Tuesday, February 9, 2010

What happened to Volkswagen?

@martysg sent me a tweet following the Super Bowl.

“@slprquattro Did you see that Deutsch VW ad last night? They never shoulda dumped CP+B. Terrible.”

While I can’t necessarily say that they never should have dumped CP+B. CP+B isn’t for everyone and I get that but I can say that VW’s work in general has gone down the crapper in my humble opinion. I don't know if the agency can shoulder all the blame though.

First off let me give overall commentary about the SB spots. I do this because it's important to my philosophy about creative. 98% of the work sucked and I'm fine with my manliness, thank you very much. The best two spots in my mind were the Google spot and the Dorito's "Momma" spot. The former seems generally agreed, the latter I would say is highly subjective and a matter of personal taste.

One might legitimately ask, what the hell do I know? My personal top five nor #brandbowl’s were in USA Today's top 50. And I'm going to guess that USA Today is more representative of the country than #brandbowl or me for that matter. Bottom line is that the disparity between #brandbowl and USA Today should register pause in and of itself. There’s obviously an intellectual disconnect somewhere.

One point: We should make a distinction between great, really good and good. Great should be designated as once in a lifetime… we talk about it for years. Really good means it stands out in the category and continually performs well and perhaps is imitated. Good means it basically does its job. And let’s not forget, the company and product have to stand behind the work.

In general, I think really good broadcast requires finding the subtleties or the intangibles. Most spots have a moment to be great but miss it. Most of the SB spots missed it. Some showed hints of brilliance but most missed it by a long shot.

In VW's case, I think that there is a clear desire to appeal more to the mainstream. But does that mean that you have to be GM? OK that might be a little harsh but in my view, advertising needs to inspire and engage, especially when your core customer is less mainstream. Furthermore, just because it’s a :30 spot does not mean that the rules of suspension of disbelief don’t still apply. And based on the most recent Forrester report it doesn't seem ads are delivering as of late.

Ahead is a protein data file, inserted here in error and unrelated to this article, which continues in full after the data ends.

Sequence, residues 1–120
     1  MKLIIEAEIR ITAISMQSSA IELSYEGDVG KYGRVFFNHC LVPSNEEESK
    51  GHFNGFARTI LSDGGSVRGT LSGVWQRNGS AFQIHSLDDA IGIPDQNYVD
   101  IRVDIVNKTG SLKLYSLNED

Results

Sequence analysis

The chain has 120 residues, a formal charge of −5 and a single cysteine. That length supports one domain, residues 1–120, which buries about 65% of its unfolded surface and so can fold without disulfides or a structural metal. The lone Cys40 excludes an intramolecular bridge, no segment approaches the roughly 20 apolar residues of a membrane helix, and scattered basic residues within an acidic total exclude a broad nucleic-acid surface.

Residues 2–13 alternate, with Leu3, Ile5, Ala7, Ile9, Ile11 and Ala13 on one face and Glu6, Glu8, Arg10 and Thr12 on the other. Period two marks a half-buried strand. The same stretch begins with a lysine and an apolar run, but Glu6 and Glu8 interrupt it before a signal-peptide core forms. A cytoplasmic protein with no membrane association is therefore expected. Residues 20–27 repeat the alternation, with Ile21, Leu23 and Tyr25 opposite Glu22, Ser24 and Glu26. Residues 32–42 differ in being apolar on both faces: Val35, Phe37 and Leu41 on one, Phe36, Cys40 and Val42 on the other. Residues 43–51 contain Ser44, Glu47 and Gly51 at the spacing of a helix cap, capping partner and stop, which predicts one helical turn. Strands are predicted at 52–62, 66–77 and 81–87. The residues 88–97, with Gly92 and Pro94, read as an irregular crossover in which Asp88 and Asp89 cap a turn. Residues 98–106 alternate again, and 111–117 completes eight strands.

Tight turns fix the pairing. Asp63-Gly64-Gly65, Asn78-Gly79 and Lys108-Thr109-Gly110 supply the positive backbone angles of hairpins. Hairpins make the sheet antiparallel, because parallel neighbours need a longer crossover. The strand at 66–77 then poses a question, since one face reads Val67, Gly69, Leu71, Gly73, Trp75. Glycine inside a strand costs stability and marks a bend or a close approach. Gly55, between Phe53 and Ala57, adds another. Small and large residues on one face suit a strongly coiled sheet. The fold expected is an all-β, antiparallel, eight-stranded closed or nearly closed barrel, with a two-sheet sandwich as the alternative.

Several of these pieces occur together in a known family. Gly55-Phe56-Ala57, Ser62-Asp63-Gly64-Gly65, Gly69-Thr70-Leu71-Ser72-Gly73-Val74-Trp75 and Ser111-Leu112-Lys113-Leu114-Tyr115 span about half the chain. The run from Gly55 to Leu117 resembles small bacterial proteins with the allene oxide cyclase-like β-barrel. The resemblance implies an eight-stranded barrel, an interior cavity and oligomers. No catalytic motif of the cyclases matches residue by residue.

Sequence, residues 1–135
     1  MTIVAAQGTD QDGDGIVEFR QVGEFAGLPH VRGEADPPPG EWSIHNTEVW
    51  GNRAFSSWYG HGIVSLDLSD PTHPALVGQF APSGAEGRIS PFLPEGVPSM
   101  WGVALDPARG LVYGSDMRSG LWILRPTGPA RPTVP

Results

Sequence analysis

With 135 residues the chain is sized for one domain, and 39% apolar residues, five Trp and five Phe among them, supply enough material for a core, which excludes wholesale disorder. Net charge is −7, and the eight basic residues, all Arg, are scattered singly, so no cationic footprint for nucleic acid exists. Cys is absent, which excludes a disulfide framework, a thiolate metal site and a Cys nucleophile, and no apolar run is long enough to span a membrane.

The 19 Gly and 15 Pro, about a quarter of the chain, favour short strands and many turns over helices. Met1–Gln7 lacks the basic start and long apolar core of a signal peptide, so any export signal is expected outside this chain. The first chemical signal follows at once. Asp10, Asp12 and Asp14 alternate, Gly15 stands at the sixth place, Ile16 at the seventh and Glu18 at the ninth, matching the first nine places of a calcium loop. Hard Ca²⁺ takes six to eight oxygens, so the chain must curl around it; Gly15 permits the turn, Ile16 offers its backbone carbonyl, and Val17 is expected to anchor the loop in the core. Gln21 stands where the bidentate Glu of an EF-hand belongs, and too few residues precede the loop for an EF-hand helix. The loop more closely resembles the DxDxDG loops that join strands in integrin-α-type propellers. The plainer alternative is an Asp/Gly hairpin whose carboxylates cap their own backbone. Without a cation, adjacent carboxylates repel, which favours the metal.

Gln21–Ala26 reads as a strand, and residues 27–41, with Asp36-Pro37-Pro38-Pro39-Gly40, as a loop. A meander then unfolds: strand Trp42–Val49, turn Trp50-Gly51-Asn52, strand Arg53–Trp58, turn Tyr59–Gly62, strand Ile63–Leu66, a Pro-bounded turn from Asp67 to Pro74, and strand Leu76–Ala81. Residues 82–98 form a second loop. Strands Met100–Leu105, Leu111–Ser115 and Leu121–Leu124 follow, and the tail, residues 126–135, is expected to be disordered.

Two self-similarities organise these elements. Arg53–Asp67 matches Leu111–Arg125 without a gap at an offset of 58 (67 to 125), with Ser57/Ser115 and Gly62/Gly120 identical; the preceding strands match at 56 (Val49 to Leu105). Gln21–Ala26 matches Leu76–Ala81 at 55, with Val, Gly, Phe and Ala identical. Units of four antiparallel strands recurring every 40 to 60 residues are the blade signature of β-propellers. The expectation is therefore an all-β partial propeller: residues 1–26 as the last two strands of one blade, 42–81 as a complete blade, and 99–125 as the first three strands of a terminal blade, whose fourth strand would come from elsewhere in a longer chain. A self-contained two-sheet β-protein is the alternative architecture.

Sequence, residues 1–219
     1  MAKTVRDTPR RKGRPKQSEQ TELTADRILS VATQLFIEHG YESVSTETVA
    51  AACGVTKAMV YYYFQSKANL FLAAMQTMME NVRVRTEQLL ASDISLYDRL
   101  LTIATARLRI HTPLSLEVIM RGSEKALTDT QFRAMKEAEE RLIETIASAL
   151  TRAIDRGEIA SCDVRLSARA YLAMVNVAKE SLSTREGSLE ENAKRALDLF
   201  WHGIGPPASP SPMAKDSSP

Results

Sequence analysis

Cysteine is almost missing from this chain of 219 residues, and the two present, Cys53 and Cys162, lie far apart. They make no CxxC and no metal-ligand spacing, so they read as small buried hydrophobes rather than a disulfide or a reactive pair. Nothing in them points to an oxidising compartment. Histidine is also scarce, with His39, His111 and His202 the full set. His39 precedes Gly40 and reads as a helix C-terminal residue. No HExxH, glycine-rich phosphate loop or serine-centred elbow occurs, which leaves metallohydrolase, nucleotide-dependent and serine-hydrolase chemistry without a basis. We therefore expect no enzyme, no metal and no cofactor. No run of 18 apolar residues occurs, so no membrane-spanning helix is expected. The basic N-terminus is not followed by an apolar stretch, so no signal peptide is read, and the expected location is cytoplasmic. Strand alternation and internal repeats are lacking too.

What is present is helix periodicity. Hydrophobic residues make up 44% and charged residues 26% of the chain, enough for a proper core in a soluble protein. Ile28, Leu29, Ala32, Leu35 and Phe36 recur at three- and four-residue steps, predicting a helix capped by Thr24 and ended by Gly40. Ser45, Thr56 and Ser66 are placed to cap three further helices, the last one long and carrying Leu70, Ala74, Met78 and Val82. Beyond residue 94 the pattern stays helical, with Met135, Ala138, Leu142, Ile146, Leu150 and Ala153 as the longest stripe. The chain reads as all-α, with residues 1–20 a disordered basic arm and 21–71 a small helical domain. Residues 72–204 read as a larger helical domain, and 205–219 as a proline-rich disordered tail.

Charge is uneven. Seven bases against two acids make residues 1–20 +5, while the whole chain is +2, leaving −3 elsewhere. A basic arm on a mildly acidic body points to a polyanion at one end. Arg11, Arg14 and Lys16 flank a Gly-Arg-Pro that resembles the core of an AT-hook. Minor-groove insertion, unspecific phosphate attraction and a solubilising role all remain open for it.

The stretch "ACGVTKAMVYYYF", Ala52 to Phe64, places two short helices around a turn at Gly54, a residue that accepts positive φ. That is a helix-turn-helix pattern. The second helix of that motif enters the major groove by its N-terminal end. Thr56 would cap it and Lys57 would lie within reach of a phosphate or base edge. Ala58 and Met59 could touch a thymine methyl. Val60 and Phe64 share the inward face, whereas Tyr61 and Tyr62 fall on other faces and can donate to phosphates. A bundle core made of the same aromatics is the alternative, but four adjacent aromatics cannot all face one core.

The reason why the VW spot was such a disappointment to me is because they have a history of greatness. And SB spots are supposed to be great or at least really good.

Now, with regards to VW, as you might gather from my twitter name, @slprquattro, I'm a bit smitten with Audi/VW. Don’t worry I won’t bore you with my ownership history. I've also followed their agency track record, ummm a bit. VW has always flirted with brilliance going back to the days of the DDB Beatle ads.

My all time favorite was the New York Times Magazine ad after Jerry Garcia died. Whoa.

"Driver's Wanted" debuted and put the company squarely back on the map and re-established it in America’s consciousness. DaDaDaDa was the talk of the water coolers. The "Pink Moon" spot quite literally brought Nick Drake back from the dead. I also loved the "Mr Roboto" spot and the "Singing in the Rain" spot was very cool. At the end of the day, the "Driver’s Wanted" campaign was sheer brilliance. It drove sales and clearly showed that VW and Arnold knew the customer.

More recently, VW in my opinion had some nice efforts with "Safe Happens" which were sobering to say the least. And “Unpimp Ze Auto” but admittedly those spots weren’t for everyone. I also liked the “Make Friends with Your Fast” effort. Perhaps less memorable than "Unpimp" and again not for everyone but nevertheless good demonstrations of the sensibilities of the audiences they were trying to reach.

The “Punch Dub” spot perhaps had potential but misses the mark (even with the punch to gramp’s gonads and the Tracy Morgan and Stevie Wonder cameo). I don't think it's the agency's fault. I don't think CP+B could have saved them either. Liz Vanzura and Kerri Martin's impact are missed. I think VWs issues are probably embedded in a client who’s playing it safe and has forgotten about their core customer.

These days that’s the last place I’d want to be.

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